His fundamental insight, that governed all the rest, was that salvation is all about our renewal in love, our being restored to the image of God. Without this holiness of heart and life we are neither truly happy nor truly Christian. 
… Commenting on 1 John 4:19 (“We love him, because he first loved us”) Wesley wrote, “This is the sum of all religion, the genuine model of Christianity. None can say more: why should any one say less . . .”332 Wesley believed that this love of God will triumph in the end, and it is this same love that seeks to triumph even now, in every human heart. 
I’ve been thinking about restarting The Breakfast Club with this book. Let me know if you’re interested.
 Henry H. Knight III, John Wesley: Optimist of Grace (Eugene, Oregon: Cascade Books, 2018), 141.
2] Ibid., 145
It keeps raining, and raining, and raining. When time allows, please keep Jenny and I posted as to how the flooding is affecting members and friends of First UMC. (We’re concerned about everyone, but we have a special responsibility for our parishioners.)
Today, I’m re-upping a quote from Kenda Creasy Dean. I don’t know about you, but I need the reminder.
“The Christian God-story emphasizes a God so smitten with creation that God chooses to enter creation with us, and stops at nothing—not even death—to win us back.” 
And according to scriptures like Romans 8.18-23, when God gets us back, all of creation will come with us. But what I like best about this statement is the use of the word smitten. I had never heard that word used to describe God’s love for us before. God’s love for us is so powerful, so profound, so vast and so everlasting that we’re always in danger of underestimating or understating it. I’m going to add smitten to the repository of words I use to describe the love that God has for us.
 Kenda Creasy. Dean, Almost Christian: What the Faith of Our Teenagers Is Telling the American Church (New York, New York: Oxford University Press, 2010).
Below is the quote from the great theologian Augustine of Hippo. I find that I need to pray the closing prayer on a regular basis.
“Riches … are gained with toil and kept with fear. They are enjoyed with danger and lost with grief. It is hard to be saved if we have them; and impossible if we love them; and scarcely can we have them but we shall love them inordinately. Teach us, O Lord, this difficult lesson: to manage conscientiously the goods we possess.” — Augustine of Hippo, Sermon 133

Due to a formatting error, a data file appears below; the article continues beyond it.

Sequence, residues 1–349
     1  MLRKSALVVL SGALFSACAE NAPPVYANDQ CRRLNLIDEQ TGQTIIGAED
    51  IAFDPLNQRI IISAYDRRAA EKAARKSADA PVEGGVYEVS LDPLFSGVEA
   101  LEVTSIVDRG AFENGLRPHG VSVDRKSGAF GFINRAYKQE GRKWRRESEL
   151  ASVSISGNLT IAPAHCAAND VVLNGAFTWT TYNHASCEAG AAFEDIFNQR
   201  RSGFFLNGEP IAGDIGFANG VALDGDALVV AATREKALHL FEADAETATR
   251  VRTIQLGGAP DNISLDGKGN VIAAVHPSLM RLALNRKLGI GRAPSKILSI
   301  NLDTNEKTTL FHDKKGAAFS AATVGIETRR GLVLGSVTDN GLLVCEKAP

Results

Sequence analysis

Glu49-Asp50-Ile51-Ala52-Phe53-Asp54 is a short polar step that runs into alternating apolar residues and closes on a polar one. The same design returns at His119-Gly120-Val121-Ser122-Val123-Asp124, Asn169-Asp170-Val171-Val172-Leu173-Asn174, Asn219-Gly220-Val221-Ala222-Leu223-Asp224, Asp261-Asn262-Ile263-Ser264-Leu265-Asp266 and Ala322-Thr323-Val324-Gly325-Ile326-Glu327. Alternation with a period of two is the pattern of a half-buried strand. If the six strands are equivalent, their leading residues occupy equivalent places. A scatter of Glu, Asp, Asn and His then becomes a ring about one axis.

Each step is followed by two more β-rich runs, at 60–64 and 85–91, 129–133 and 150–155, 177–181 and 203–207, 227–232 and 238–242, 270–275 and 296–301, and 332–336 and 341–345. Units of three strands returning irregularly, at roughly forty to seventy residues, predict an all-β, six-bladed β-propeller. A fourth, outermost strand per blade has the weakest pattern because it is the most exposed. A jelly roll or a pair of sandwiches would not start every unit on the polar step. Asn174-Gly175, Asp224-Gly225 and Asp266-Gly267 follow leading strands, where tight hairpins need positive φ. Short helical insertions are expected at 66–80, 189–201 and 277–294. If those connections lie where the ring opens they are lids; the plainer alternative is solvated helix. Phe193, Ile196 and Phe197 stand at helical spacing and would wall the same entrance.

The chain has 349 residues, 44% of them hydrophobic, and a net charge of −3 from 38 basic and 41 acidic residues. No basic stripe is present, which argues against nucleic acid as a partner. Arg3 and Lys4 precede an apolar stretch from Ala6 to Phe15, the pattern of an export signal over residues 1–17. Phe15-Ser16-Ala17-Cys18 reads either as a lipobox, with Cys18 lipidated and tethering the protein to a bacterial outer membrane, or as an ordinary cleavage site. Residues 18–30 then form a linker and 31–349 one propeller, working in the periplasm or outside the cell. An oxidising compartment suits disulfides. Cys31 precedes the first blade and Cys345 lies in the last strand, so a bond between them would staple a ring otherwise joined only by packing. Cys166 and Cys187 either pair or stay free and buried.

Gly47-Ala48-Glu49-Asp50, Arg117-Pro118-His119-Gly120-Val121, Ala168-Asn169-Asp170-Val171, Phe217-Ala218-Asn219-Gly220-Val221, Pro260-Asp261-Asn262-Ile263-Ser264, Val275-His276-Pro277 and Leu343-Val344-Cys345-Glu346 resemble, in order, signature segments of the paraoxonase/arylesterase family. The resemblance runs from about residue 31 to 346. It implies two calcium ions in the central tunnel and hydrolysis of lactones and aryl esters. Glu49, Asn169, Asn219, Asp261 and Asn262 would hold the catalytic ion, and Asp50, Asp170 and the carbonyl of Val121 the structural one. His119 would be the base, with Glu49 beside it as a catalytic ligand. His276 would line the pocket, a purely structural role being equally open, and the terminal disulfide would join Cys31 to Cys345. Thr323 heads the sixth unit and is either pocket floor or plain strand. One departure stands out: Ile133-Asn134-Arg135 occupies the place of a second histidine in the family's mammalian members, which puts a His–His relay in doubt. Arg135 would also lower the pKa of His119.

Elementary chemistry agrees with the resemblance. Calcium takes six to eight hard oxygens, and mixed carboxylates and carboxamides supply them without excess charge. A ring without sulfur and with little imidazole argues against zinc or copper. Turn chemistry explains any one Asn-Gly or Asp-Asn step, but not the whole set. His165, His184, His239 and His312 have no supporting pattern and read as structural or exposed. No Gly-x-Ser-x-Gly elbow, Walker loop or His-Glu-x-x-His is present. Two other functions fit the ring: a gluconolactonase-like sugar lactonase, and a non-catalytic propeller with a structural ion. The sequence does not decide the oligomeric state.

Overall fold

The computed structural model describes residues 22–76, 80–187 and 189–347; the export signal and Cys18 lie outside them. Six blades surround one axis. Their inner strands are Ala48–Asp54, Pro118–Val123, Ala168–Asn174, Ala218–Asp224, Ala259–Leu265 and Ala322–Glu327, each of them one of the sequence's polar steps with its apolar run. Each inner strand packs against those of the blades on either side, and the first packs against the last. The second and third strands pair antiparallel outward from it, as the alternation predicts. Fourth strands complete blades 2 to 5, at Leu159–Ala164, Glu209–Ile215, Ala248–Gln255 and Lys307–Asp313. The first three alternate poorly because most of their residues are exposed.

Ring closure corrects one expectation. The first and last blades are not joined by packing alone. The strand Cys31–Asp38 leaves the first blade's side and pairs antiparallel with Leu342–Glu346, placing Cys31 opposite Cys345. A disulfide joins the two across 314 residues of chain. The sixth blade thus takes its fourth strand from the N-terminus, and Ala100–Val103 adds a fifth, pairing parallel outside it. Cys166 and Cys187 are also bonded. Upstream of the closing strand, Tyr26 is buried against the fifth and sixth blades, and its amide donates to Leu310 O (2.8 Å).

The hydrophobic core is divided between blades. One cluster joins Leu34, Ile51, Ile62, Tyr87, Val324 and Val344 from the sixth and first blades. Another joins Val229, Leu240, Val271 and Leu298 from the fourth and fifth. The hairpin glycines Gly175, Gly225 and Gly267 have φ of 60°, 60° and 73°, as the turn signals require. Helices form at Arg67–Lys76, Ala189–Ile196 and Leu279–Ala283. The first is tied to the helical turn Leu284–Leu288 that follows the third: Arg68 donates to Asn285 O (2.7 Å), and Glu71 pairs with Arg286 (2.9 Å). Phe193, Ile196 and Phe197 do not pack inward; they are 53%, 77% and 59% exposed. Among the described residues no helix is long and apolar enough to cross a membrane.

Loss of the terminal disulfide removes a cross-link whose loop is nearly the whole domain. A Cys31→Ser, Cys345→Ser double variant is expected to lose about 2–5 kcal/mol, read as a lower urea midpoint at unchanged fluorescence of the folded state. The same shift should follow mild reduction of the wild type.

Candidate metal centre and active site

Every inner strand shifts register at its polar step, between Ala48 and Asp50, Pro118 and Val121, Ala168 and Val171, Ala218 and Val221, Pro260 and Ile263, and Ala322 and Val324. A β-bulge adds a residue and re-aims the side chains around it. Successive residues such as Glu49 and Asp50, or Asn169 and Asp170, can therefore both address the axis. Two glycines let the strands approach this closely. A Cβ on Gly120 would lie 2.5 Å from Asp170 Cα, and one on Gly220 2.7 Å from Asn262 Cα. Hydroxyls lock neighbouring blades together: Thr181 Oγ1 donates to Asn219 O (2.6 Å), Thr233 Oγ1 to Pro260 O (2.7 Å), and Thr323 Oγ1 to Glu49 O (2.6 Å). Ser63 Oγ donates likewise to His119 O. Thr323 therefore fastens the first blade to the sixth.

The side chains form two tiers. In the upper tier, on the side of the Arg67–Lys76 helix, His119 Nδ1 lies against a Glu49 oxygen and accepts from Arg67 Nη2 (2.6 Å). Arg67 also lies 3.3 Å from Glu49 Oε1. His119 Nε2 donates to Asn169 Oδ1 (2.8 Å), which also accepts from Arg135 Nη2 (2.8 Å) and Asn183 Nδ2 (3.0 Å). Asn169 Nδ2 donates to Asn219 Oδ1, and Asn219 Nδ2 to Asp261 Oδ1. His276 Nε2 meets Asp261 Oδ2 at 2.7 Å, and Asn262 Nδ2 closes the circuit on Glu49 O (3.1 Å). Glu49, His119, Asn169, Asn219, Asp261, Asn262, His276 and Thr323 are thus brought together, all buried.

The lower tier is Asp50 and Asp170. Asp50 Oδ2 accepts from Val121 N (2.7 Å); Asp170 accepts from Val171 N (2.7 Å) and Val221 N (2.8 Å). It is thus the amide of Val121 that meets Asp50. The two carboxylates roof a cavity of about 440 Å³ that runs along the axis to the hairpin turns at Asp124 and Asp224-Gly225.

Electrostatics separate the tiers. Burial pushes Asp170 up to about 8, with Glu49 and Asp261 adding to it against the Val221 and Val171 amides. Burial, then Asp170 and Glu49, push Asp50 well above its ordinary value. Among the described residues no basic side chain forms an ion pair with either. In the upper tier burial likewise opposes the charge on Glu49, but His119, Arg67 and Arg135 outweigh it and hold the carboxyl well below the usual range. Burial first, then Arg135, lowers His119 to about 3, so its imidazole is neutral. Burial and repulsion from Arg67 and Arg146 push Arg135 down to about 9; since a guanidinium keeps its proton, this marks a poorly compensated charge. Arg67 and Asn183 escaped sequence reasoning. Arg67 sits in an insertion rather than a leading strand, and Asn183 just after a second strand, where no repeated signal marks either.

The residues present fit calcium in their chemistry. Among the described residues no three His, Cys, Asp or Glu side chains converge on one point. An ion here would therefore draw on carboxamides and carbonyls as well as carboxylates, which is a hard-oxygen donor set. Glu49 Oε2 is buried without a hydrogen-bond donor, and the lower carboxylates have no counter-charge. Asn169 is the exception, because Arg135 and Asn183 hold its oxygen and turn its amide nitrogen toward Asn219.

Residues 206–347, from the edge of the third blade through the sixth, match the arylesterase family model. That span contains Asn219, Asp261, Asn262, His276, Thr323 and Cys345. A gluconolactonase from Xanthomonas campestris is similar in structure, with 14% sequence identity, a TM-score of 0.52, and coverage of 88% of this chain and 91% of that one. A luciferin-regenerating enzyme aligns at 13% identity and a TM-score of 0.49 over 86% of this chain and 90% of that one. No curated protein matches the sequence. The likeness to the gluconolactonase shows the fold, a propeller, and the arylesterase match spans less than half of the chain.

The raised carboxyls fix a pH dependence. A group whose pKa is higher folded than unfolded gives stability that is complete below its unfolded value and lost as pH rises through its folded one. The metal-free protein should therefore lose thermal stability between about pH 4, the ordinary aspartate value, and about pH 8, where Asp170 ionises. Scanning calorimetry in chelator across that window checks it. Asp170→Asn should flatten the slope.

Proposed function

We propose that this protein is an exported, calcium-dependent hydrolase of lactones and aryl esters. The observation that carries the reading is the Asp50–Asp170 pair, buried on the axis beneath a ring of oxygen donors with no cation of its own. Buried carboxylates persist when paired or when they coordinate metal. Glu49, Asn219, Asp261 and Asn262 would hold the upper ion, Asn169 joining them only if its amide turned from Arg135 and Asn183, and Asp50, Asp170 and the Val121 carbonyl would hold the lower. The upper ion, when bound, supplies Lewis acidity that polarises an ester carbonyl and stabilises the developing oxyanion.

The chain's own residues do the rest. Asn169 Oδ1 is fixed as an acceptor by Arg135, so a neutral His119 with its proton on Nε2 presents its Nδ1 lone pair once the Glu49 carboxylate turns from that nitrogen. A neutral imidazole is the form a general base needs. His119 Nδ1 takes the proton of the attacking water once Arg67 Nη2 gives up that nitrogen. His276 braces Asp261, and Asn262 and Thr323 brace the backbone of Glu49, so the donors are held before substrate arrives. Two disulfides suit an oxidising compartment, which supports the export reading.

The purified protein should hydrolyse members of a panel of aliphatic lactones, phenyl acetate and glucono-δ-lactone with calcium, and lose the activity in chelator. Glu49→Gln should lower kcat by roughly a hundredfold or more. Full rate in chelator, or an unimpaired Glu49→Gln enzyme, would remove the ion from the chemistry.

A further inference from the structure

I’ll simply say Amen.
Last Sunday, the old computer that we used for running the worship slides decided it didn’t want to work properly anymore. Since we typically have middle school or high school students (who use iPads for school) running the slides we decided to save money and replace the old computer with an iPad.
I plugged the new iPad in and had everything all set up, but I didn’t relay all the relevant information to the person running slides and sound. So the small snag we encountered during this afternoon’s worship service was my fault. Things have been relabeled to ensure that the next time something goes wrong, it will be something else entirely.
I read this long ago, but I just came across it again this week:
The cross is not a sign of the church’s quiet, suffering submission to the powers-that-be, but rather the church’s revolutionary participation in the victory of Christ over those powers. The cross is not a symbol for general human suffering and oppression. Rather, the cross is a sign of what happens when one takes God’s account of reality more seriously than Caesar’s. The cross stands as God’s (and our) eternal no to the powers of death, as well as God’s eternal yes to humanity, God’s remarkable determination not to leave us to our own devices. — Stanley Hauerwas and William Willimon 
Whether I’m looking at the general human condition, or simply my own life, I’m thankful that we have a God who does not leave us to our own devices.
 Stanley Hauerwas and William H. Willimon, Resident Aliens: Life in the Christian Colony, expanded ed. (Nashville: Abingdon Press, 2014), 47.